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Letter in Opposition to S-675: New Burdensome Occupational Licensure
Monday, June 18, 2018
Dear Chairwoman Pou and Members of the Senate Commerce Committee:
On behalf of Americans for Prosperity – NJ, our tens of thousands of activists across the state and our 3.2 million activists across the nation, I respectfully urge you to please vote “No” on S-675, which would unnecessarily require an occupational license to perform drama therapy and create unnecessary barriers to opportunity in the marketplace.
According to the Institute for Justice, New Jersey already licenses 54 low to moderate income occupations, including everything from hair braiders to milk samplers. The requirements of these licenses serve to restrict competition, leading to higher prices for those with licensees and restricted opportunity for those without. As a result, New Jersey currently has the 16th most burdensome licensing laws in the nation. By extending this sprawling licensing regime to drama therapy, S-675 will lock new workers out of the industry at the expense of the people of New Jersey. Consumers will pay for the constricted labor supply in the form of higher costs from these providers, who will be able to raise their prices with impunity, with no measurable improvement to their safety. Far from benefiting the state of New Jersey, this bill will only enrich special interest groups at the expense of everyone else.
License to Work 2: A National Study of Burdens from Occupational Licensing | The Institute for Justice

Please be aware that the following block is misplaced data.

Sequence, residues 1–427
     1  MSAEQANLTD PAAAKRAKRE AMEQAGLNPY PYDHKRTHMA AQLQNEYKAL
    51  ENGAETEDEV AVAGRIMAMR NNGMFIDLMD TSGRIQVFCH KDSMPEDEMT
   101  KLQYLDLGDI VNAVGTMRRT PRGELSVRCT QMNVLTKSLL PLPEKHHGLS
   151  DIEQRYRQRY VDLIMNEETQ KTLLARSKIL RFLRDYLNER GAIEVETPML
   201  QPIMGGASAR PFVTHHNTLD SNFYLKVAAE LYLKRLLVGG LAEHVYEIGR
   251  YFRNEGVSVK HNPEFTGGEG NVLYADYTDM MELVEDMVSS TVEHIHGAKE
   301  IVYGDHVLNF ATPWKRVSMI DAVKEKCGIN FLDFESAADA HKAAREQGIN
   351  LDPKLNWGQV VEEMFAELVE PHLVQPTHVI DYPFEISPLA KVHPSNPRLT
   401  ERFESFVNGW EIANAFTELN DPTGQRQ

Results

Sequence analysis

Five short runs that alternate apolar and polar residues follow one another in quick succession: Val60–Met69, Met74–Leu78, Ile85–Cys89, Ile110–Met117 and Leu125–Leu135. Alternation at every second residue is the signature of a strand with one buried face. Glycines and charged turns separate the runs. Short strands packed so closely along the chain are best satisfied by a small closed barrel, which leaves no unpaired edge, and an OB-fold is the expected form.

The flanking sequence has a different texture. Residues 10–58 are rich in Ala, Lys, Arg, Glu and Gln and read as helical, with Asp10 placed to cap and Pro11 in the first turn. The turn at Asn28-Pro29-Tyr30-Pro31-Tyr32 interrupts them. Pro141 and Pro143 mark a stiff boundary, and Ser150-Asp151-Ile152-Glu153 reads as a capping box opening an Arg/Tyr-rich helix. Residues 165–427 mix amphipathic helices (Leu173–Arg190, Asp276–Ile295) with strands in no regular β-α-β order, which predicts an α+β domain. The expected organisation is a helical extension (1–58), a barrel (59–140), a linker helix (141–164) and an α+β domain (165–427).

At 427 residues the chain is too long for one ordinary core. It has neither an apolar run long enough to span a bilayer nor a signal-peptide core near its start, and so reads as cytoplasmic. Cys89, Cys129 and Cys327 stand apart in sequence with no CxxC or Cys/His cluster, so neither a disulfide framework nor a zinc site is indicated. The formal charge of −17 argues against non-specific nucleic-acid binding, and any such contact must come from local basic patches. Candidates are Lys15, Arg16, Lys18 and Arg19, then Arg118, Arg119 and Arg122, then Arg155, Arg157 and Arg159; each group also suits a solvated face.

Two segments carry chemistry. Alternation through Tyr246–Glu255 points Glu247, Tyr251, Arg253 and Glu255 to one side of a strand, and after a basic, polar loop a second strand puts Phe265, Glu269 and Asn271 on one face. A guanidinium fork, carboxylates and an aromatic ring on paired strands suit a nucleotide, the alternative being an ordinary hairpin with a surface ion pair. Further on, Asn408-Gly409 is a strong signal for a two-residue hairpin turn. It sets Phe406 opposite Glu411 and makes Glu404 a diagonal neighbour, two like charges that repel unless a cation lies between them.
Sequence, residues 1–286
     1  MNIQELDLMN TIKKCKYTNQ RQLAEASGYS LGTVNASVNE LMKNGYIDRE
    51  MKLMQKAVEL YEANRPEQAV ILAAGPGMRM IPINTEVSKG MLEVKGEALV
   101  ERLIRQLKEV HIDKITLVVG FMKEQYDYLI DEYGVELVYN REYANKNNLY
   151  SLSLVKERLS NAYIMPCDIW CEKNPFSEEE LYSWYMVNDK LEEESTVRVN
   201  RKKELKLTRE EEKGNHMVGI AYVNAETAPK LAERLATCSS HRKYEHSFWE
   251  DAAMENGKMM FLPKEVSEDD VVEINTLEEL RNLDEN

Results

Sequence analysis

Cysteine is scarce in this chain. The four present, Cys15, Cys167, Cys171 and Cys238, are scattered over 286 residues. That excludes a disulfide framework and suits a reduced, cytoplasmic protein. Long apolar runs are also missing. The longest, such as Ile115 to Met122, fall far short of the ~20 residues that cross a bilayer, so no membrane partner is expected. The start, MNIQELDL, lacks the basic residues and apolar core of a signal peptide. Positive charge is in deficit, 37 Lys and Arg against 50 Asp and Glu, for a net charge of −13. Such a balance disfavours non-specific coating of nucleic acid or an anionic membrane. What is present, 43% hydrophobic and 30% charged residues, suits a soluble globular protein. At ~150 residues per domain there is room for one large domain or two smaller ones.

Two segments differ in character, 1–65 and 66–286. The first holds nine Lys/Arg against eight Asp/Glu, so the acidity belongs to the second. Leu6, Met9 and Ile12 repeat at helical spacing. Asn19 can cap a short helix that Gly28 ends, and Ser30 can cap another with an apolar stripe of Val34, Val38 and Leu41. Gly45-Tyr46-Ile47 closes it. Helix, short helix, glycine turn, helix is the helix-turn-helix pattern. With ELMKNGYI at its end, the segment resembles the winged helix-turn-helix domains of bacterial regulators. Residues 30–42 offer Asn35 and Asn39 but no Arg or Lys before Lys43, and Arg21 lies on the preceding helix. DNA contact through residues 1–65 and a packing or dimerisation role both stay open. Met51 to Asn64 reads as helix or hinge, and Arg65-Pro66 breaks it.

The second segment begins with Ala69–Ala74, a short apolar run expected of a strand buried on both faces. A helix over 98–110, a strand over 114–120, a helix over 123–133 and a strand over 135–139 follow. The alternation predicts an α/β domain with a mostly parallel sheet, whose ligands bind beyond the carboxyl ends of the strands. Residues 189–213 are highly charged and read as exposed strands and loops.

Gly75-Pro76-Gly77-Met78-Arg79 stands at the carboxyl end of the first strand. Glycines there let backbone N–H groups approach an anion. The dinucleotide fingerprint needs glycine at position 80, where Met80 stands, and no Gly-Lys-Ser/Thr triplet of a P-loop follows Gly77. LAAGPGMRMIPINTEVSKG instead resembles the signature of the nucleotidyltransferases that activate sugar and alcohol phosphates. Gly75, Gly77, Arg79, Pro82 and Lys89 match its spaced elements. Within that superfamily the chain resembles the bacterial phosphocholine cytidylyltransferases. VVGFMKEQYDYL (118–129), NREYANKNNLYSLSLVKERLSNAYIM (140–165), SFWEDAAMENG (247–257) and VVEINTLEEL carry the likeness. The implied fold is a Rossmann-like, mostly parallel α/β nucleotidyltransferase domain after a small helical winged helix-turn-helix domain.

Occupational Licensing: A Framework for Policymakers | The Obama White House
Even today, occupational licenses drive up costs for the average American family by more than $1,000 in every year. Given the damage already caused by our licensing regime, why should we expand it? For many young people, these restrictions could spell the difference between getting a promising start in the labor market or moving back in with mom and dad.
This bill serves no legitimate or defensible purpose in protecting the health and safety of the public. Instead, it is an almost perfect example of the way licensing requirements are sought by special interests to protect their market share and keep out new competitors. Licensing is an inappropriately restrictive tool for regulating drama therapy, and blocking this legislation will continue to allow perfectly capable practitioners in New Jersey to safely practice it without paying their competitors for permission. I respectfully urge you to please vote “No” on S-675 to protect worker freedom in New Jersey.
Should you have any questions or wish to discuss further, please feel free to reach out at EJedynak@afphq.org or 862-229-4953. Thank you in advance for your consideration.
Erica L. Jedynak
New Jersey State Director
Americans for Prosperity